Refractory Gold Processing
February 2013 by Thom Seal, PhD, PEAfter your excitement peaks when you first receive the high gold assay from the vein you just exposed, you ponder how you will extract and sell your gold. You will need to develop a flow sheet for your process to optimize your recovery and minimize your costs and permit requirements.
It is not necessary to have a PhD in geology, but you need to know the basics, so that’s what I am going to try to dig into here—the understandable basics of these gigantic gold deposits.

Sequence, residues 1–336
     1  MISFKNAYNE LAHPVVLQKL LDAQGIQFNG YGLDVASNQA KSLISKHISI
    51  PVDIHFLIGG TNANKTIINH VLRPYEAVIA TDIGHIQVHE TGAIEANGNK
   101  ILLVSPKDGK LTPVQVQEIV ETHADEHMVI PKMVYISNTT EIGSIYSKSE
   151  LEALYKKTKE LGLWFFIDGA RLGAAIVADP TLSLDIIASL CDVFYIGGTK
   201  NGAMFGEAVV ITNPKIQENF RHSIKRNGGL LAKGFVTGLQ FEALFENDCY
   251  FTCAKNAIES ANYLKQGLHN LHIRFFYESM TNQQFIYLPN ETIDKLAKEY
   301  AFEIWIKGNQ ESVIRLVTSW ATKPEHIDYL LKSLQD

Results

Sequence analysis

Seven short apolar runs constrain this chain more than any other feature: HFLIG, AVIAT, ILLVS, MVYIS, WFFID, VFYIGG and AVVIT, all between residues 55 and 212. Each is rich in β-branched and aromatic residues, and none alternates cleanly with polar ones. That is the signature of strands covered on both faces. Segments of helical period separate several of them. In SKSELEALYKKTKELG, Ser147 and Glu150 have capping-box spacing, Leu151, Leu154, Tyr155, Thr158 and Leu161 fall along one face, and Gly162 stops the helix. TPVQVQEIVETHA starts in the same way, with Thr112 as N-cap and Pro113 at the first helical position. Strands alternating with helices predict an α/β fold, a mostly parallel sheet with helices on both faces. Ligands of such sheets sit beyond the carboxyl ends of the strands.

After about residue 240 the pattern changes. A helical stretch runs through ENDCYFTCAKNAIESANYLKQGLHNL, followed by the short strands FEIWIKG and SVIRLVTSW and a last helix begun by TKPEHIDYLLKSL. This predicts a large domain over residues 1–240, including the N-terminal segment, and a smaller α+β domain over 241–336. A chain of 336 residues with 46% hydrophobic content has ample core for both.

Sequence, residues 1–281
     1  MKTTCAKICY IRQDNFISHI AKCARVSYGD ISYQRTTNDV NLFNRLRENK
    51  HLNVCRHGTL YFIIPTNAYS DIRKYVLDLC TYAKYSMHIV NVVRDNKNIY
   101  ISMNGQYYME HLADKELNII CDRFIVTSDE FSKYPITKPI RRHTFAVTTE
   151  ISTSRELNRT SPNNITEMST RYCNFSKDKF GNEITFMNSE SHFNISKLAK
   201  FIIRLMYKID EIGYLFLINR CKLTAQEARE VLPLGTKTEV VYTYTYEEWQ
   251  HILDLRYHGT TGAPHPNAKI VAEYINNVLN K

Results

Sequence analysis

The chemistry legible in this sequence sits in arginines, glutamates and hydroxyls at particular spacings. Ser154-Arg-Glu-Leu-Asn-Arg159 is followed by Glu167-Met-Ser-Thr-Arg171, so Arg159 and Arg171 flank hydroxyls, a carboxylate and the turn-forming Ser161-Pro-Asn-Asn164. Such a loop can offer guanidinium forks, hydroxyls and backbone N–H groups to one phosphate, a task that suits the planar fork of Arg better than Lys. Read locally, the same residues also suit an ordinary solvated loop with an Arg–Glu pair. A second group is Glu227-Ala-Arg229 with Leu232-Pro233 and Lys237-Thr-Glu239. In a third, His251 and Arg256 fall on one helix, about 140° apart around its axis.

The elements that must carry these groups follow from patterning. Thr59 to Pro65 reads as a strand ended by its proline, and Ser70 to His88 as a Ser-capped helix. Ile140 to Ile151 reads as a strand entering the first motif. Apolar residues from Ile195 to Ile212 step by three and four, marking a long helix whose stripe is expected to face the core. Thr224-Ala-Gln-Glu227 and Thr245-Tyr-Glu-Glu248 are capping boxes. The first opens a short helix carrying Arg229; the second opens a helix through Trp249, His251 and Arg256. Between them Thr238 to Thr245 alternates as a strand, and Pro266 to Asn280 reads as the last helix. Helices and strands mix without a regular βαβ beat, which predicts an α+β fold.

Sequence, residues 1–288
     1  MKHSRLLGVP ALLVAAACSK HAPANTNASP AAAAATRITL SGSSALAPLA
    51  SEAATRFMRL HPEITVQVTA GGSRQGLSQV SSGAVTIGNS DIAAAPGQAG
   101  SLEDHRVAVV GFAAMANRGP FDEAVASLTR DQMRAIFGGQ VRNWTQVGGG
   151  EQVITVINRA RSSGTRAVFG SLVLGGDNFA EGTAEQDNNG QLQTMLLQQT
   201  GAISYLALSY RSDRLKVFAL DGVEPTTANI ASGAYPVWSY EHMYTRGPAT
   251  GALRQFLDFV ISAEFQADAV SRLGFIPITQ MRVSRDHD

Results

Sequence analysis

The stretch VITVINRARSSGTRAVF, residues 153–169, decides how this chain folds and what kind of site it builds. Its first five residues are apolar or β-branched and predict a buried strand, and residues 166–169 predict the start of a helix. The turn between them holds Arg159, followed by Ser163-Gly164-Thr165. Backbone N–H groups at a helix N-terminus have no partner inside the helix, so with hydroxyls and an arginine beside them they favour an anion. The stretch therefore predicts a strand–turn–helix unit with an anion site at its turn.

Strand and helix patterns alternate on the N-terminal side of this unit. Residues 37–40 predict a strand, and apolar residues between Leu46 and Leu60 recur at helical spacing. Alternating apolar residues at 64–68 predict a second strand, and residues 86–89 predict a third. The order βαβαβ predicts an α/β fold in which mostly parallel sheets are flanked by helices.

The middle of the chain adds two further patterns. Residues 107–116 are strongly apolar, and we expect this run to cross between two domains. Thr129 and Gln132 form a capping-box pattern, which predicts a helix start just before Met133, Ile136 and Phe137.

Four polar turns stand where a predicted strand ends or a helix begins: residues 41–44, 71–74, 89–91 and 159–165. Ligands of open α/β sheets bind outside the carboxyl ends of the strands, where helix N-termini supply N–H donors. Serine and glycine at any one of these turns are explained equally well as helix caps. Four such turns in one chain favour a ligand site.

I metal detected a number of years before I saw my first nugget peeking out from the dirt before I had scraped or dug for it. This one was in the steep sidewall of a narrow, but deep drywash.
Gold is a fairly widespread mineral in the Italian Alps and in the Northern Apennines. It is found both in primary mineralization and in past and recent floods.
I will make the assumption that when any of you take a detector in your hand and head out prospecting for gold you are probably anticipating finding some gold. That’s the general idea, right?
Some of the gold is placer that was beat up as it traveled; however, quite a bit of the gold is pocket gold that is running along the surface in this area.
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